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    This is where Hubbard really becomes a scary player, as this type of closing speed is not normal for a defensive lineman of any shape or size. The result of the play was a sack and forced fumble, and one lovely image from an otherwise very ugly game.

    Hubbard the Beast


    While the above breakdown showcases Hubbard's electric pass rush ability, Hubbard was undoubtedly aided by the offensive line's double team on Bosa, as well as the running back's lack of interest with Hubbard's side of the line. Opportunities to simply pin his ears back and rush the passer against one blocker won't be as frequent for Hubbard in 2016, but if the end of last season was any indication, Ohio State's coaches are more than happy to move their walking, talking mismatch anywhere in the formation.

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    With Bosa having been ejected from the 2016 Fiesta Bowl between Ohio State and Notre Dame, it was Hubbard who assumed Bosa's role as the moving chess piece on the defensive line, and Hubbard didn't let the opportunity go to waste. Here, Hubbard lines up as the Buckeyes' three technique, and Ohio State lets #6 do his thing one-on-one against Notre Dame's left guard.

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    It doesn't matter to Hubbard that he is lined up on the interior of the defensive line. Hubbard has played essentially every position on the field over the past three years, and his ability to quickly learn and execute shows up in situations like the above. While Hubbard doesn't get great separation, it's enough for a player of his speed to still completely overwhelm the Notre Dame guard upon making a pass rush move.

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    By firing his left arm through the guard, Hubbard once again executes a picture perfect ‘rip' move that allows Hubbard to easily pass by the lineman. From here, it’s just a matter of time.

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    Hubbard finishes the play in style, leaving the Fighting Irish guard on the ground, and the quarterback in pain. Same result as we saw before, but from a completely different position and side of the line.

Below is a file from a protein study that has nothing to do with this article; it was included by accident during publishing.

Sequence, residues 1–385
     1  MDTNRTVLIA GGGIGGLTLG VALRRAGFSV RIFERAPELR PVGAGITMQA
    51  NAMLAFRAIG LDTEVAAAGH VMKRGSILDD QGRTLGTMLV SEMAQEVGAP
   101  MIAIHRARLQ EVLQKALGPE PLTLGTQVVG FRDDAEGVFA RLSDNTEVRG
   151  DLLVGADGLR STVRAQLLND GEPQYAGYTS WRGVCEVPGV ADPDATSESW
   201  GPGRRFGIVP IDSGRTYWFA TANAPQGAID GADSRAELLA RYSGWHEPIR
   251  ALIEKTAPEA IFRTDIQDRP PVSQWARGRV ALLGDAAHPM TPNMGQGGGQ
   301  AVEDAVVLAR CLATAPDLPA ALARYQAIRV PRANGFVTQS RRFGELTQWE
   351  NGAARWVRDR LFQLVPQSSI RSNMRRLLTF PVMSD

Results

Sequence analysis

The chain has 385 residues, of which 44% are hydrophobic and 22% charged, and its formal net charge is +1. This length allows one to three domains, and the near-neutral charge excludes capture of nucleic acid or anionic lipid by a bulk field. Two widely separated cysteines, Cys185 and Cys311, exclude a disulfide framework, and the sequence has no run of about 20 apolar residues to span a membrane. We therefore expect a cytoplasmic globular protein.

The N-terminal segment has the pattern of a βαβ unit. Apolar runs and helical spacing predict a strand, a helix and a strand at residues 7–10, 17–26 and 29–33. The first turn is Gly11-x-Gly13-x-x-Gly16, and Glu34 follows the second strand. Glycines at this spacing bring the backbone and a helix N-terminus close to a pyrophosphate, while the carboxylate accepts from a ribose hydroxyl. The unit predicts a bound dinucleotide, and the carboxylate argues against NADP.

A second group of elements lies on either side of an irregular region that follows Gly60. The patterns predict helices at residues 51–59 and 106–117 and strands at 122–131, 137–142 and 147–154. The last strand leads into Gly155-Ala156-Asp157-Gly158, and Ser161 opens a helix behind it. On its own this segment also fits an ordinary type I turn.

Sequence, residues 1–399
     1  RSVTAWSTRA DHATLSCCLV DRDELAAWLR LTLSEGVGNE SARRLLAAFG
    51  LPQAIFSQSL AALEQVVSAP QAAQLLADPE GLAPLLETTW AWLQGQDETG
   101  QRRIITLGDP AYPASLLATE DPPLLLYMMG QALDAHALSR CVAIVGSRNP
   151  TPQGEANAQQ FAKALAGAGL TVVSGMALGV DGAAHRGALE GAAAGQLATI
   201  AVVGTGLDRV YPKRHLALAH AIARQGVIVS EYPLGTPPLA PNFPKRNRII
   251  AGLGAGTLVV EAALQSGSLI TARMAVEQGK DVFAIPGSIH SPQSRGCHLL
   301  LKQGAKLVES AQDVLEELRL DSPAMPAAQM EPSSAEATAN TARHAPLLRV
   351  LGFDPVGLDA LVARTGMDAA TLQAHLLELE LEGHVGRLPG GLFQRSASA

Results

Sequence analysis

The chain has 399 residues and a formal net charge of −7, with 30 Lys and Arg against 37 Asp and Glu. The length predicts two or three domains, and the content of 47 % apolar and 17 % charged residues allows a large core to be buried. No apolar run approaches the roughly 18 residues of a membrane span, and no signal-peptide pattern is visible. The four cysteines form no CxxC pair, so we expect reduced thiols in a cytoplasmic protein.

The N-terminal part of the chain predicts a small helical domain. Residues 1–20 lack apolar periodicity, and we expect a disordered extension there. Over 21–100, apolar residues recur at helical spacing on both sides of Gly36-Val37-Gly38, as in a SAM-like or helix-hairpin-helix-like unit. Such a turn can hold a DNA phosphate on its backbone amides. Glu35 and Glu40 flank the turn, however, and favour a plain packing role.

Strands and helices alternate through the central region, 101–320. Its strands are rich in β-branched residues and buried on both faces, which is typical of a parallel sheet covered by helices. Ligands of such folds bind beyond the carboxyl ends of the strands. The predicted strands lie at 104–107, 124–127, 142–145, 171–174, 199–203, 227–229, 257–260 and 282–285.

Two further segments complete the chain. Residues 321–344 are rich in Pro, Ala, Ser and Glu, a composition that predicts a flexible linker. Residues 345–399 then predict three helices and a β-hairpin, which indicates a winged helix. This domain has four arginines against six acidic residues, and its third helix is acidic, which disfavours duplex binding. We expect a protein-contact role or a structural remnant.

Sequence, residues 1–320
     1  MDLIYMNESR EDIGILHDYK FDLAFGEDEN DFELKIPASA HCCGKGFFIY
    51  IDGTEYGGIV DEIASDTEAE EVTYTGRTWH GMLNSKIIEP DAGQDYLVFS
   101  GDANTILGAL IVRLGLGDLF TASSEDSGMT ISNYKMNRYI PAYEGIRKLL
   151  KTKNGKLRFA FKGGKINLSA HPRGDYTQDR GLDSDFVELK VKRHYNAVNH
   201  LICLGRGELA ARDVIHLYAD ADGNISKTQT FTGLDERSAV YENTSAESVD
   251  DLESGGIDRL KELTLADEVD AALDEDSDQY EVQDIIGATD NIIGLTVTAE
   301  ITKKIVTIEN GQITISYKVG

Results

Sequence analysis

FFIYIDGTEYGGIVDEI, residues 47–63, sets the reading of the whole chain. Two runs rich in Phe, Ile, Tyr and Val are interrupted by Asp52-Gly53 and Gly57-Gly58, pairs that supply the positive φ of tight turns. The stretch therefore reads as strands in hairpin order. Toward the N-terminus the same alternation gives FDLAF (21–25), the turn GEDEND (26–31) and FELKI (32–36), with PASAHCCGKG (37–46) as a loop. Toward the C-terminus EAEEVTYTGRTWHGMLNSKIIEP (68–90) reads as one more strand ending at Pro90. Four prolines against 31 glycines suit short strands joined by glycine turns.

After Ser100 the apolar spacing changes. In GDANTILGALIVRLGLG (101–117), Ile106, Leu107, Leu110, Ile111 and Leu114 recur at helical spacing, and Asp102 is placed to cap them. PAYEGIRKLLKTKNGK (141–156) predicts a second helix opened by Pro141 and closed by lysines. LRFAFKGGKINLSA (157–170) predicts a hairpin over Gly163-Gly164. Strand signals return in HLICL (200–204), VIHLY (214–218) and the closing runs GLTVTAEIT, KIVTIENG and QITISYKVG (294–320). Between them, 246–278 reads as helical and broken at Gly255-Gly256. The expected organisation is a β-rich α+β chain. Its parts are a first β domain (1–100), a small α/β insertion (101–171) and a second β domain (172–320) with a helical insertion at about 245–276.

This is just the beginning for Hubbard


    Whether or not Hubbard demands the same type of attention in 2016 as Bosa did in 2015 remains to be seen. We haven't seen a bunch of Hubbard defending the run, and it's not crazy to think he could struggle with a healthy dose of double teams. The good news for Buckeyes fans is that this extra attention for Hubbard is exactly what the rest of the defense needs.

    Having to overly plan for a single defensive lineman can create big problems for an offensive line. Normal routines are thrown off, and all hell breaks loose when the player the entire line was shifted towards drops back into coverage as part of a zone blitz. Hubbard is unique in that he can actually make plays in coverage (like this interception last season against Maryland), and last season Ohio State regularly dropped Bosa back in pass coverage to create one-on-one match-ups for the rest of the defensive line.

    If offenses like their chances against Hubbard with solo blocks, great. Expect to see a lot more of Hubbard in offensive backfields. If offenses decide to give Hubbard the Bosa treatment, great. Look for the rest of the defense to shine with Hubbard demanding so much attention. Either way, Hubbard's proven pass rush ability and knack for making big plays makes him the one Buckeye who opponents should have circled in their game plan, which bodes very well for the rest of the Ohio State defense.

    Hubbard's backstory and the fact he didn't start last year make for sexy headlines calling him a ‘mystery' and a potential ‘break out star'. In reality, Hubbard's break-out season has already come and passed. With 6.5 sacks (one less than Bosa achieved as a freshman) and the growing confidence that comes with more experience at a position, it's no longer a matter of if Hubbard is capable of destroying opposing offense lines, but a matter of when.